flowers grow,

Though my feet were not made for flowers,
so maybe I’m made of more tree limbs;
but resounding cracks are telltale
sign of a forest falling

Because my roots never took to ground.

I am prone to uprooting myself–
there is an inherent urge to move
crawling under my skin,
limbs thirsty for solid ground;

My roots tangled up
somewhere between Chesapeake Bay
and the muddy Rio Grande;
over-watered in Georgia’s swamp lands.

And Northern Ontario’s long, harsh winters
see so much time for roots to freeze–
this ground is frozen-hard
long into spring.

But then maybe I was never a tree
never flowering dogwood, dancing in the breeze
or strong pinon pine, stretching to the sky,
nor wizened oak or mighty maple-tree.

The truth is I never identified
with constant perennial things.
I never thought of myself as
everlasting;

I always wished to be a bird
and my patterns of coming and going,
like migration, supported that:
I am notorious for leaving.

I am prone to preening:
prettying up like peacock,
but more like a rock dove:
hardy/hearty (but not much to look at).

Recently, I’ve preened so much
my feathers have begun to fall out
and fail my wish for flight

(though there are those that could fly,
and instead use their battered feet:
like a roadrunner in the desert light) 

But at least my tangled roots and faulty feathers
have proven to be
a fine nest  — built for two —

Daughters, who are still trying to spread their wings
like their mother would like to do;

Daughters, who plant flowers
with their every blessed step;

Daughters, who have taught me
that I was never meant to be a tree,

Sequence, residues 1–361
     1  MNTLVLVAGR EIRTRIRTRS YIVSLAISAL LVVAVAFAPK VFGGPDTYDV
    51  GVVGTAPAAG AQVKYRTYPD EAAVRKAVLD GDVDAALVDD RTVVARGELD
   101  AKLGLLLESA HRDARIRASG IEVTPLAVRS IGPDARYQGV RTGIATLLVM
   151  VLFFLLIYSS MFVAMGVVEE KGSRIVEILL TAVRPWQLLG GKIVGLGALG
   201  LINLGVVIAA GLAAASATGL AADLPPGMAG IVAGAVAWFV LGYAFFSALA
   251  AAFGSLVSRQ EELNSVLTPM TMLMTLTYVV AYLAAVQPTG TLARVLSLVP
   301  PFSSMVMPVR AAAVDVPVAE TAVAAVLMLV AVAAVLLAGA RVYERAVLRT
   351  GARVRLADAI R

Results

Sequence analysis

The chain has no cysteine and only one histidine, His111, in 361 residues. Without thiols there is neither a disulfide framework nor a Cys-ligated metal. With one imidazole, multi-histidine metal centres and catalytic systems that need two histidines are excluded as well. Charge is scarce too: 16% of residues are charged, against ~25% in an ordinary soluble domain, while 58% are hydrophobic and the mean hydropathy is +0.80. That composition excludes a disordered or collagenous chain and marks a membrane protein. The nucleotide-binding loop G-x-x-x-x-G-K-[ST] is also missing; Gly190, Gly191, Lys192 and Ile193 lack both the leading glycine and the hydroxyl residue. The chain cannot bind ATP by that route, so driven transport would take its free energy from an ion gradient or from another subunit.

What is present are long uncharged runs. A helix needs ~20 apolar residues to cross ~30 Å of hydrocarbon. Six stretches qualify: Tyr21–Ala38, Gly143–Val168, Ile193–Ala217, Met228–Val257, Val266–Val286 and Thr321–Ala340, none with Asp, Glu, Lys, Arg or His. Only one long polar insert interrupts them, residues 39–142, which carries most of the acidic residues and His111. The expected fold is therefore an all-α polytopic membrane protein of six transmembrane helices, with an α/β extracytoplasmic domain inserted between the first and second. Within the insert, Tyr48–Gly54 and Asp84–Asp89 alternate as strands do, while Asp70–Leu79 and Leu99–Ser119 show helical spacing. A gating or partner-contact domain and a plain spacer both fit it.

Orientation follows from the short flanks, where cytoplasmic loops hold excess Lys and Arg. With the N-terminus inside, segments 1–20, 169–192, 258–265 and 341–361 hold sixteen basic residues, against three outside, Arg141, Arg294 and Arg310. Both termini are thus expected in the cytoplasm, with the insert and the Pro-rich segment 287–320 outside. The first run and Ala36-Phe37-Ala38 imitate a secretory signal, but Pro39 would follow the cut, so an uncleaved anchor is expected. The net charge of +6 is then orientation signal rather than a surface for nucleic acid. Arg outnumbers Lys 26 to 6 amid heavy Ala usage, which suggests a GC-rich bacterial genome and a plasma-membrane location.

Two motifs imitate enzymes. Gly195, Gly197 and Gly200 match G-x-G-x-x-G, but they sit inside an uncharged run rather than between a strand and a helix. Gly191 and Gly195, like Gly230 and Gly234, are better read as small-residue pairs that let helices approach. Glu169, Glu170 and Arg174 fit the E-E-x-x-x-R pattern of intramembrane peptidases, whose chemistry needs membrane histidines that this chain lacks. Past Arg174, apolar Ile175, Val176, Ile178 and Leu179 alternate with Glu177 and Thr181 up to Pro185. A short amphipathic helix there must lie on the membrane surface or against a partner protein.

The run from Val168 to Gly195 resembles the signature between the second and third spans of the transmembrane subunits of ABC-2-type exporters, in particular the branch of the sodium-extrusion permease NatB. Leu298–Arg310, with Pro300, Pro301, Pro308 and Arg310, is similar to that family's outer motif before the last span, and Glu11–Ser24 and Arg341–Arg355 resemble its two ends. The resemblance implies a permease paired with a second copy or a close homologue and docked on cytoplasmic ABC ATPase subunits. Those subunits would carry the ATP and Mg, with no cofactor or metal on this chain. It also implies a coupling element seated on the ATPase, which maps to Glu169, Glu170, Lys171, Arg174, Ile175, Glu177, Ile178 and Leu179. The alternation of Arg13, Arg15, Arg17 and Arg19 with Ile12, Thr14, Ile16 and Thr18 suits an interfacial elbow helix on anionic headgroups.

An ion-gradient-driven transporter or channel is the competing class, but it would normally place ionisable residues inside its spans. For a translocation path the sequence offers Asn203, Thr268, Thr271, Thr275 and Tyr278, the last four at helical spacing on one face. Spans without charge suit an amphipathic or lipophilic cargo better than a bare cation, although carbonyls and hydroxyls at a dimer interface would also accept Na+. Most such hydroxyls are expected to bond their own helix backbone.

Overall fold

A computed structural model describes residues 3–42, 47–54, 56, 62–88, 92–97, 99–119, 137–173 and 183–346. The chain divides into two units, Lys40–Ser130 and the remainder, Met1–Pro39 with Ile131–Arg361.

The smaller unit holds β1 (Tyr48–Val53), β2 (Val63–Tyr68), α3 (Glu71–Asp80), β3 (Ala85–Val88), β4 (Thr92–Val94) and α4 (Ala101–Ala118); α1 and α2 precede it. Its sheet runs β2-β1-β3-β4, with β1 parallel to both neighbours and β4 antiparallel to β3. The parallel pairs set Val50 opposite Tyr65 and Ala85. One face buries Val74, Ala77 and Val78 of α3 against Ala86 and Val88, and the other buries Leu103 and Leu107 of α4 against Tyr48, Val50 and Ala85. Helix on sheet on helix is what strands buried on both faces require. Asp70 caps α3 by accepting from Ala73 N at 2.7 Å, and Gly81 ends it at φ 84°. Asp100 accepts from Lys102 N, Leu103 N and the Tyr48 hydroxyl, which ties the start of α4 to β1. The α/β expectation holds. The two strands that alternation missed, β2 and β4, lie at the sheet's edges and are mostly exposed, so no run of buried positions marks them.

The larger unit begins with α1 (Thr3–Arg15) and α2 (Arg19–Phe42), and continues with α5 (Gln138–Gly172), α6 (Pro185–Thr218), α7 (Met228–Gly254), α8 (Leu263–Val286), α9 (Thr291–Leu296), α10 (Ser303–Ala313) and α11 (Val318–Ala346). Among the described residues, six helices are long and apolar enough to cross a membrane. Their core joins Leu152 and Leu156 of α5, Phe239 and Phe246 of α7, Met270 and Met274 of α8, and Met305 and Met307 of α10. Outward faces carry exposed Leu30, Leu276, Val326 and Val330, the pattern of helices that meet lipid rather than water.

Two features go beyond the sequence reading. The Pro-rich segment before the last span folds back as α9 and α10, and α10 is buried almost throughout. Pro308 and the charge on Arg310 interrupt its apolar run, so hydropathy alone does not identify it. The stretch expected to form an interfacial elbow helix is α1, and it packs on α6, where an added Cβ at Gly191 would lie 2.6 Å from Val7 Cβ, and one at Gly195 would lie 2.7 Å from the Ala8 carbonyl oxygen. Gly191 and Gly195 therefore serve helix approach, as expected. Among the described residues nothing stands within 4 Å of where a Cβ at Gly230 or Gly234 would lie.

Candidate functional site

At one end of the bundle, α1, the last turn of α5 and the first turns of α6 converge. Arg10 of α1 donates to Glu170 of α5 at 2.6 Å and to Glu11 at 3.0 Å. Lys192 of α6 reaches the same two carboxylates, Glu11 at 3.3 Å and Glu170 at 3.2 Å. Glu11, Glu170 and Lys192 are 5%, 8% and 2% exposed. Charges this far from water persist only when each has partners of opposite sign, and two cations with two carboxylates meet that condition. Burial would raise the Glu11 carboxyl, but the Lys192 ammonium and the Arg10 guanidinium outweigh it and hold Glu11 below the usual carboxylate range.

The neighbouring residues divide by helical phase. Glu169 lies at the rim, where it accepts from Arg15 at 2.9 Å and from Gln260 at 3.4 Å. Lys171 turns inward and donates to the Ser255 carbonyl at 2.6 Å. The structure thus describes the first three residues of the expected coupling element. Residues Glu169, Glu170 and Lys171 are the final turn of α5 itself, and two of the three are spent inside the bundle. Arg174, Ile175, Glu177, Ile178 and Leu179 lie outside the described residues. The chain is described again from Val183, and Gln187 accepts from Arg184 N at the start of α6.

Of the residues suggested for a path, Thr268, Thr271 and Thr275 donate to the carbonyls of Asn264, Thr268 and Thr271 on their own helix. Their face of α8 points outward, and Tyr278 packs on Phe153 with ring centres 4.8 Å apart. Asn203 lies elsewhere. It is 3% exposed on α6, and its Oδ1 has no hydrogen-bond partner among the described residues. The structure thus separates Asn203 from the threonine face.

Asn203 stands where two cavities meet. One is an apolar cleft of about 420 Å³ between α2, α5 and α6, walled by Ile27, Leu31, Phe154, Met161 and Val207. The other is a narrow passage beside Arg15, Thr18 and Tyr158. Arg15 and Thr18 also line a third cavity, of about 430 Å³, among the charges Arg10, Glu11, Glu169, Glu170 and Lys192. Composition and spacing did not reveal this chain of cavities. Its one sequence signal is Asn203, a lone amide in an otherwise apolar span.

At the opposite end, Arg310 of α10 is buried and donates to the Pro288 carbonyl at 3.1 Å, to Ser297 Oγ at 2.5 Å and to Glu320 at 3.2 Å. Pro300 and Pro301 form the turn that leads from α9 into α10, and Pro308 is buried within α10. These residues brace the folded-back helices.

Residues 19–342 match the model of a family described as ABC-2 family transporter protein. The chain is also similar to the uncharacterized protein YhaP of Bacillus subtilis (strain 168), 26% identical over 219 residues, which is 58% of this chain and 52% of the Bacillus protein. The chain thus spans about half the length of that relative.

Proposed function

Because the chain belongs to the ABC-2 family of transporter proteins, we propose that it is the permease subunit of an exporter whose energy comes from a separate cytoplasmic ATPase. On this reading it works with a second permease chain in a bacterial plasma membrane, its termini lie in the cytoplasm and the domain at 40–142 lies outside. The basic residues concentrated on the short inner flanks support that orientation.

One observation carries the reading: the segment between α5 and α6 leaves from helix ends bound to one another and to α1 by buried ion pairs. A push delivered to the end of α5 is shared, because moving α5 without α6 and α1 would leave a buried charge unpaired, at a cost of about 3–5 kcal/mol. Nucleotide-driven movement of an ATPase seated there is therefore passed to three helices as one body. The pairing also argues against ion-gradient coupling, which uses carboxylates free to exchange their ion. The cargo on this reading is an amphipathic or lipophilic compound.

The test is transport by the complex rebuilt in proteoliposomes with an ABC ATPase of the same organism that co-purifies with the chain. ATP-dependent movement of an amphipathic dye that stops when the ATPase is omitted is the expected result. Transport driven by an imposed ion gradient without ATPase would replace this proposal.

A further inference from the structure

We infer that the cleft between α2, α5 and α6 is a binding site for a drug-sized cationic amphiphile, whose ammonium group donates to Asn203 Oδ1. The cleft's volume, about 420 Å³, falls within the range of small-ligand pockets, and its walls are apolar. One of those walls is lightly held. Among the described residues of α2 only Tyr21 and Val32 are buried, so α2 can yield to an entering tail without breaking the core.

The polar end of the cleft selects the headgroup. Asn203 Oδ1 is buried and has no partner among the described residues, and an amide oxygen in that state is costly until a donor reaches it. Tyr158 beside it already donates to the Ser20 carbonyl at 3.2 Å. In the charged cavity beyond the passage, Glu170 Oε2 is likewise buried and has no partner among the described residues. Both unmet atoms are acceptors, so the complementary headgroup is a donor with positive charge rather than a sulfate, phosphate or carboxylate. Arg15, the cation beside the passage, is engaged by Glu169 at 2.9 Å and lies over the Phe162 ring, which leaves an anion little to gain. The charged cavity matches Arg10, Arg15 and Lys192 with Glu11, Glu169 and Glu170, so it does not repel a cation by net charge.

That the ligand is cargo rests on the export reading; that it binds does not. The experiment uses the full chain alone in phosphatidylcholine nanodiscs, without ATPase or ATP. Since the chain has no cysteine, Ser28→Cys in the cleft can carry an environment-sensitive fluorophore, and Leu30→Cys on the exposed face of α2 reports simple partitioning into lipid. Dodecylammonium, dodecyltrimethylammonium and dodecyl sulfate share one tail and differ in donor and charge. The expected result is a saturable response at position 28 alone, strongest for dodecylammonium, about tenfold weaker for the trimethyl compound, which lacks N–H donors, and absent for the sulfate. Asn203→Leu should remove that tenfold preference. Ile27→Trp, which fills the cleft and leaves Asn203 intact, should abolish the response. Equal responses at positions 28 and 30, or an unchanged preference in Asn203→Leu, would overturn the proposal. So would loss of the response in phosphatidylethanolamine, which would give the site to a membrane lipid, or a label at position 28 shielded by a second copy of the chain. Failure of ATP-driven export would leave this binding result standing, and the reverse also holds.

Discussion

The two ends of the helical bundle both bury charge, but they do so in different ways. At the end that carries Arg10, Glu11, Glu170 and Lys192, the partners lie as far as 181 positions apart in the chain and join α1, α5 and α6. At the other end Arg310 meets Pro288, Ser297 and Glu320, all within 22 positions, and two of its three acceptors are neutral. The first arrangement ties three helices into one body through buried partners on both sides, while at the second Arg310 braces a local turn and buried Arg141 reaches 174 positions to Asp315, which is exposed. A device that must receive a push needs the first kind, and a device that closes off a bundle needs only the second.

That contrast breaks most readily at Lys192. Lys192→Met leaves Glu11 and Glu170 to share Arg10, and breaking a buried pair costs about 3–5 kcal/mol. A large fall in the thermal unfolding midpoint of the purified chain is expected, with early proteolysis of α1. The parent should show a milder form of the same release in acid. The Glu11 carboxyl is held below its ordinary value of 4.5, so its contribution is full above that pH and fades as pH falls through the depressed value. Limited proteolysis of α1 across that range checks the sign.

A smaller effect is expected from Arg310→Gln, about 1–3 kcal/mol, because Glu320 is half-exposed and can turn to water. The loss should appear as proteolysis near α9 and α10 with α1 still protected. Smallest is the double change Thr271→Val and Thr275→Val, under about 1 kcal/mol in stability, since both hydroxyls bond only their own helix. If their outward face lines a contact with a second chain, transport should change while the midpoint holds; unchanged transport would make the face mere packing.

but maybe that’s where my home
was meant to be.

And I can have wings,
And still be steady.


© Maxine L. Peseke, April 2020
artwork by Katrina K Guarascio

 

Guest Poet:

Maxine L. Peseke is a writer, mother, and sometimes freelance editor. She is currently living in a small Northern Ontario town, transplanted from New Mexico respectively (and most recently) where she originally met each of Saturday’s Sirens as part of the Albuquerque poetry community.

 

Pantoum for our planet of crows

Crows gather in the Cottonwood tree,
blacker than night holds me.
Even the birds are our children here
if we see ourselves as becoming land and sky.

Blacker than night holds me,
shadows and dreams of sleep.
If we see ourselves as becoming land and sky,
we may never sleep again.

Shadows and dreams of sleep
that poke me awake with skeleton fingers.
We may never sleep again,
lost to the fascinatingly hateful chatter of crows

that poke me awake with skeleton fingers.
It’s not the death of our planet that scares me,
lost to the fascinatingly hateful chatter of crows,
it’s the death of us that rakes me awake.

It’s not the death of our planet that scares me,
night terrors of holding our children over the flames,
it’s the death of us that rakes me awake.
Crows invite death into today’s sun.

Even fighting, we may go down without sound.
Crows gather in the Cottonwood tree,
each day brings new air and chatter.
Even the birds are our children here.

Liza Wolff-Francis